Save My Daughter from This Sex-Crazed World
Get Thee to a Nunnery
To paraphrase the Beatles, I read the news a few days ago, oh boy. When I stopped to pick up a paper, the newsstand was plastered with girlie magazines, reminding me of a tabloid news story, "Bar Mitzvah Blowjobs," that I'd recently overheard fellow parents discussing in horror.
All this came on the heels of a scandal in our own backyard: My then-11-year-old daughter's teacher had recently been indicted for attempted dissemination of indecent material to minors. (He is accused of exchanging sexually explicit e-mails with someone he believed to be a 14-year-old; he is currently awaiting trial.) When Alliana told me, she was ashen. "At Christmas he asked us for our class pictures and I gave him mine," she said. Rumors were flying that her teacher might have pasted naked bodies on those photos.
I was part of the "why don't you do it in the road, make love not war" generation: The first group of women who grew up knowing that when we wanted to, we would have sex. And I've always wanted the same for my daughter.
Now, don't get me wrong; it's not that I consider teenage abstinence a missed opportunity. Still, I've always wanted Alliana to know that with the right person in the right circumstances (with protection), sex is delicious.
But today's environment is making me feel that the 40-year difference between the free-love 60s and the New Millennium is as vast as the gulf between the Revolutionary War and the assault on Iraq. How am I ever going to raise a sexually happy, healthy child in a world where the likes of Paris Hilton and Christina Aguilera are role models, minors purportedly pull up their shirts on Girls Gone Wild, and culture watchers muse that perhaps Janet Jackson might have flashed her breast at the Super Bowl to one-up Madonna's girl-on-girl smooch with Britney at an MTV awards show?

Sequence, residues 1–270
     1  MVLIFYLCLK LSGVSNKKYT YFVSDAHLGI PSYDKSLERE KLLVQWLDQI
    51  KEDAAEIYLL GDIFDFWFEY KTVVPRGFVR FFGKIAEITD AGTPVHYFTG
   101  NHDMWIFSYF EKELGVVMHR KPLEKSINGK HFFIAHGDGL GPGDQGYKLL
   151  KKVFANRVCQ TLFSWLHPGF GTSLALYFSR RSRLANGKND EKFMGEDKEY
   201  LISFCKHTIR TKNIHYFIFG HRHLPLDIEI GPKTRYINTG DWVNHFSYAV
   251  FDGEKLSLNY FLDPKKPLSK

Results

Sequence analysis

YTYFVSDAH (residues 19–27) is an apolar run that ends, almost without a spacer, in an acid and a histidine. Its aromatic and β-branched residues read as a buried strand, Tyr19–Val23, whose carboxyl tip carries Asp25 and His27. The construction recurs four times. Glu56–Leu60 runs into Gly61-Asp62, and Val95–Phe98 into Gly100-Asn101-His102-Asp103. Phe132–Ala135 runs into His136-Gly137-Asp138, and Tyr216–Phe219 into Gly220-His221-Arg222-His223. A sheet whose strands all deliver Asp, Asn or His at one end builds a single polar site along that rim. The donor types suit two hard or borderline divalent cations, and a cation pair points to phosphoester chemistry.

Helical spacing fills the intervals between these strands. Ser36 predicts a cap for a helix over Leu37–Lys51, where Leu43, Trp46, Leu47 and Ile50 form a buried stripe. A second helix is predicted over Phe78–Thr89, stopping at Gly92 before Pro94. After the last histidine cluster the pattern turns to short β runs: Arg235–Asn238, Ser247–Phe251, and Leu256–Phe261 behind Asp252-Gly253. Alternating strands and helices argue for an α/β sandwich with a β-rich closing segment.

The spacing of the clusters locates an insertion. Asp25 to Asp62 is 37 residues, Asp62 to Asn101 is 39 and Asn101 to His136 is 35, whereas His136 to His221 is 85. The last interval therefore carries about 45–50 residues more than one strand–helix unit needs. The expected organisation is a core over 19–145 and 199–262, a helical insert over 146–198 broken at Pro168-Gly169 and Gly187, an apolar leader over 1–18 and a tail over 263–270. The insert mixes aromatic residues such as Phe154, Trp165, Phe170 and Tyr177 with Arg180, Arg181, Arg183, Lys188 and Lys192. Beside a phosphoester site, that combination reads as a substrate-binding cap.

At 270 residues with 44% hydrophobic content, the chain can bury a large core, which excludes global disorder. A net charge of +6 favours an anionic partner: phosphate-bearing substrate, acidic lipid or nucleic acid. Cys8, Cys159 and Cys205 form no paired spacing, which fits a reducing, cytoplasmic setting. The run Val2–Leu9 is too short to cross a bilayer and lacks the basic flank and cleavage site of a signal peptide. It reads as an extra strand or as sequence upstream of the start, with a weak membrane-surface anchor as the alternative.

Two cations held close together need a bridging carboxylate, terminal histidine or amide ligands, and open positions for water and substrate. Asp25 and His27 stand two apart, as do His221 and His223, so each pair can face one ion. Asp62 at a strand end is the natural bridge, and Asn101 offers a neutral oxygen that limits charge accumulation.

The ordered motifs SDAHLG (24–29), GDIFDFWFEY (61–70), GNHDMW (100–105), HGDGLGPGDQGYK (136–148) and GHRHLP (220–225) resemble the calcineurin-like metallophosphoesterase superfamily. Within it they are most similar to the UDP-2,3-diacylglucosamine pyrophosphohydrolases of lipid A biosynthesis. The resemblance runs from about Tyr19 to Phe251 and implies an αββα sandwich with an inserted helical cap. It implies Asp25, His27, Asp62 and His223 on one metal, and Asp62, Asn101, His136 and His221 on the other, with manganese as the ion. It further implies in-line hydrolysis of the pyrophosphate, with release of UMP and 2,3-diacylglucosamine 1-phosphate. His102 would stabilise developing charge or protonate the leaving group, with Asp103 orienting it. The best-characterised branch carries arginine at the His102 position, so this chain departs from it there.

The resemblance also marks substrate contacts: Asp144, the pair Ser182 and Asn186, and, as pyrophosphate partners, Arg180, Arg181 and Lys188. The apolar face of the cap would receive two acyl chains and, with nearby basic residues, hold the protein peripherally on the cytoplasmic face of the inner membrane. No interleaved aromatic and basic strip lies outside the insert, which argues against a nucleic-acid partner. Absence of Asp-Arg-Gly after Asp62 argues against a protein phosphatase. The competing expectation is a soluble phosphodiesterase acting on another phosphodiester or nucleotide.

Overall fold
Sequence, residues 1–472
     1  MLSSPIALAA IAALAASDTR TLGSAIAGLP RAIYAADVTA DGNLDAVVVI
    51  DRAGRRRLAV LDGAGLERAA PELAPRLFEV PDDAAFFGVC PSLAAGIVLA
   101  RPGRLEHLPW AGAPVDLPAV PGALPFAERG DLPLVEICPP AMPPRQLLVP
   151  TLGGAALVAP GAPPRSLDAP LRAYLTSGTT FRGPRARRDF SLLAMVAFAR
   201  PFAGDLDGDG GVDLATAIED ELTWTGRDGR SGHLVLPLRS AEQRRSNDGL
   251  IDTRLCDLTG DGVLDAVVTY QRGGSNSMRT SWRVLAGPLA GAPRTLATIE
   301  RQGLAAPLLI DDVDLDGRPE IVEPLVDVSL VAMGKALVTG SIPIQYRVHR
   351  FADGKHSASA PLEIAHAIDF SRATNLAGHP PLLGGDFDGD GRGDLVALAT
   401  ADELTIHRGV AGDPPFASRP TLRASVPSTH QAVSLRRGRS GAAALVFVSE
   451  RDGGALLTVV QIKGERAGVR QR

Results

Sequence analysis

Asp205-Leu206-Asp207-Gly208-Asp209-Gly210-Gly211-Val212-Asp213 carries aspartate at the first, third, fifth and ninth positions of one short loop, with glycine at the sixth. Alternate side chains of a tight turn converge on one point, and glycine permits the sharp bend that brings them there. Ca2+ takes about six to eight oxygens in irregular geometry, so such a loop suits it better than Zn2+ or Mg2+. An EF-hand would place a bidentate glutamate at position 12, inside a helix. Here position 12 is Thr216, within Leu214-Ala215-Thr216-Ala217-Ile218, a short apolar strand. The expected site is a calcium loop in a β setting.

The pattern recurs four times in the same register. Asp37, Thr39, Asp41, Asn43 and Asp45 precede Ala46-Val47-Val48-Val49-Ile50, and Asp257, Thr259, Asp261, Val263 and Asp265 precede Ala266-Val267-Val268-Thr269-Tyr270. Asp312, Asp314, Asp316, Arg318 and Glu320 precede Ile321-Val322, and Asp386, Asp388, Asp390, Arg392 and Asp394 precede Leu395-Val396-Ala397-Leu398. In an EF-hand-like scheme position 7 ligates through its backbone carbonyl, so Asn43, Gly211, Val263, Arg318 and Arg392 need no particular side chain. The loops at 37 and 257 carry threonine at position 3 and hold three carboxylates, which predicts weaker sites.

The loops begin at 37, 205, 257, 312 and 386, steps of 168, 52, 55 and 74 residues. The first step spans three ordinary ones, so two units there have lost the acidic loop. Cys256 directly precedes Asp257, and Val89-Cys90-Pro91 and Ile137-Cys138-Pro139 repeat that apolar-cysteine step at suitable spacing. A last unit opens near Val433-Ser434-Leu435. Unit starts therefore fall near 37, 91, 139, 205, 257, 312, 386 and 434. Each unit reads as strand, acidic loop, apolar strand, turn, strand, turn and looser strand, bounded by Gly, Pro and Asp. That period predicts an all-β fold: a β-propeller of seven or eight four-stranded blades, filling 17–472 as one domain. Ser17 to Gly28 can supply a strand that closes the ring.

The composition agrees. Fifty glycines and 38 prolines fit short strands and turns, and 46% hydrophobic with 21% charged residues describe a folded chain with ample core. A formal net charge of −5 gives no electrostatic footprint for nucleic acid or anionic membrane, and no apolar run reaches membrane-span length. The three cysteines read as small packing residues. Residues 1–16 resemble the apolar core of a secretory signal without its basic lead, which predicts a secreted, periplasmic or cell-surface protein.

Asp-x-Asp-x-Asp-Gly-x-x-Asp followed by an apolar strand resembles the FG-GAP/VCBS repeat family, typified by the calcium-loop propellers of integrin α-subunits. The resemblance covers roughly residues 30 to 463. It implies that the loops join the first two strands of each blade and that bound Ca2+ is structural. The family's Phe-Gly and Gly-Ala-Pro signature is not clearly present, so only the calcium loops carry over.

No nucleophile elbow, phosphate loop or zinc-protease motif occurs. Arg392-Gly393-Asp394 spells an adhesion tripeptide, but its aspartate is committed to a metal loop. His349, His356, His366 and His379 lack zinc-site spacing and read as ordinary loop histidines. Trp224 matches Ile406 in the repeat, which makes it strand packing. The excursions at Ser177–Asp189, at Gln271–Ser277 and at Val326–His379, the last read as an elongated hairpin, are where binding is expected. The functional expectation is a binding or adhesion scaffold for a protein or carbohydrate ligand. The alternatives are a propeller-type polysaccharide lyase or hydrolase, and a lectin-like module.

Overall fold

My initial thoughts are along the lines of "Get thee to a nunnery," or anywhere where Alliana won't be bombarded with...well, things I don't think she's ready to make sense of. I started turning off the Today show when reports about the Elizabeth Smart kidnapping first surfaced. I was bothered by the insinuations of mind control and molestation as reporters theorized that the 14-year-old had been taken as a "wife." It's not that I could shield Alliana entirely from the case, but I didn't think she needed a daily dose of it. Exposing kids to sexual frankness doesn't necessarily give them a framework for understanding it.
Take "Stranger Danger." I'm grateful that Alliana's been trained in it. On the flip side, a few months ago when she and a friend went by themselves to the local Chinese restaurant for lunch, they freaked: The waiter, just being friendly, chatted them up and asked them their names. "Adults aren't supposed to ask you private information about yourself," said her pal, who insisted they hightail it right back home.
How can they possibly know the difference between small talk and big trouble?
Alliana's school handled the teacher situation with care and attention -- there was an assembly, visits with guidance counselors, and more. But it's not clear that all of this communicating helped Alliana. When a close family friend who is a learning specialist with a degree in psychology asked her about her teacher, she told him, "I don't remember what happened to Mr. Davis. I don't want to think about it."
My friend's diagnosis? Alliana's being "clubbed by information she's not ready to process." He thinks the kids were given too many details. We suffered from sexual scandals being swept under the rug. Now maybe the pendulum has swung too far the other way.
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